NF methods are usually based on EEG, functional magnetic resonance imaging (fMRI), or near-infrared spectroscopy (NIRS). Hitherto, EEG has been the primary method used in NF, mainly because of its low cost, ease of use, and non-invasiveness [6]. Technological advances have now made it possible to combine methods, as in the simultaneous EEG-fMRI method in which the subject wears an EEG electrode cap while inside an MRI scanner. In this advanced method, EEG and fMRI recordings are performed simultaneously [7]. Advances in fMRI-NF have demonstrated promising results with techniques such as decoded NF (DecNef) and functional connectivity NF (FCNef) [8,9,10,11]. In the current report, we restrict our focus to EEG-NF.
EEG comprises a mixture of multiple waves of various frequencies. These frequency bands are correlated with various degrees of neuronal synchronizations [12] and are also linked to a variety of cognitive operations (Harmony, 2013). For example, delta waves (0.5–4 Hz) are associated with inhibition of the sensory afferents [13,14]; theta waves (4–8 Hz) are typical of nervousness [15,16]; an attentive and relaxed state of mind is characterized by alpha waves (8–12 Hz) [17,18,19]; alertness is characterized by beta waves (16–30 Hz) [20]; and problem-solving or higher cognitive functions are associated with gamma waves (30–100 Hz) [21,22]. In terms of resting-state EEG frequency bands, waking state eyes-open activity is correlated with beta waves, whereas stage I non-rapid eye movement (non-REM) sleep is characterized by theta waves. Stage II non-REM sleep is characterized by spindles in the 10–15 Hz frequency range, whereas stage III and IV non-REM sleep are characterized by slow delta waves. Rapid eye movement (REM) sleep, after this stage, is characterized by high frequency and low amplitude waves, which is similar to the brain activity when individuals are awake.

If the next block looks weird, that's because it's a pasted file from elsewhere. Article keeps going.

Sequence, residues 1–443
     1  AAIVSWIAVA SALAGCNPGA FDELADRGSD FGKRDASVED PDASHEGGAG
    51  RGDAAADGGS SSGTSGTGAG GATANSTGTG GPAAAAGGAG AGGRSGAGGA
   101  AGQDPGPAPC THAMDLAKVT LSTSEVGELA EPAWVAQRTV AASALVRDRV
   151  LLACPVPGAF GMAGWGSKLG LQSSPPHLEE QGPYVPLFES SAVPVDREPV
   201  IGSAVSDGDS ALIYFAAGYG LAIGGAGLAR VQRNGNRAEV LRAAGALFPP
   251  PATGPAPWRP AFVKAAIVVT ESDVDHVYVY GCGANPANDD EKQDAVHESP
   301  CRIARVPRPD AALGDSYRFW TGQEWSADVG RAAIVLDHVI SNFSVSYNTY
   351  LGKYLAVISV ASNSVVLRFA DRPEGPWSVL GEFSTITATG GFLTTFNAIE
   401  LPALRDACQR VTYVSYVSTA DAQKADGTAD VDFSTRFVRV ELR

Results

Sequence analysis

Some characteristics of the EEG components and their frequency ranges are presented in Table 1. EEG-NF protocols usually depend on the power of various EEG frequencies such as the delta, theta, alpha, and beta bands or the alpha/theta or beta/theta ratios [23].
NF systems consist of five basic components, as illustrated in Figure 1. The first is the data acquisition component, which is used to acquire brain signals. Neural responses can be recorded using EEG, electrocorticography (ECoG), intracranial EEG, or magnetoencephalography (MEG). The advantage of using these methods for NF is their high temporal resolution, which implies that brain activities are continuously and directly reflected within milliseconds. High spatial resolution fMRI and near-infrared spectroscopy (NIRS) are also being increasingly used for data acquisition. The second component is online data processing, which involves the detection and removal of artifacts from the signals provided by the data acquisition component. Typical artifacts from EEG/ECoG/MEG include muscle or eye movements, and 50/60 Hz power line interference. Further to this, artifacts associated with EEG at the scalp are a mix of a spatial smearing effect from the skull and other tissues and multiple sources of brain activity [24]. Placing electrodes close to each other nearby reduces the number of artifacts and results in a better signal from the scalp. The blind source separation (BSS) method is typically used to separate artifacts from signals such as the EEG [25,26,27]. This method detects signal sources that are important for understanding brain activity [28]. In fMRI-based NF, participants attempt to control their brain activity using real-time feedback from a particular region or network [29,30]. The most common artifacts in the NIRS/fMRI signal are head motion, body motion, respiration, and heartbeat. Artifacts caused by inhomogeneity in the magnetic field are also common in fMRI-NF. Similar to the case of EEG, good signal processing methods such as BSS can separate these artifacts from fMRI signals [31].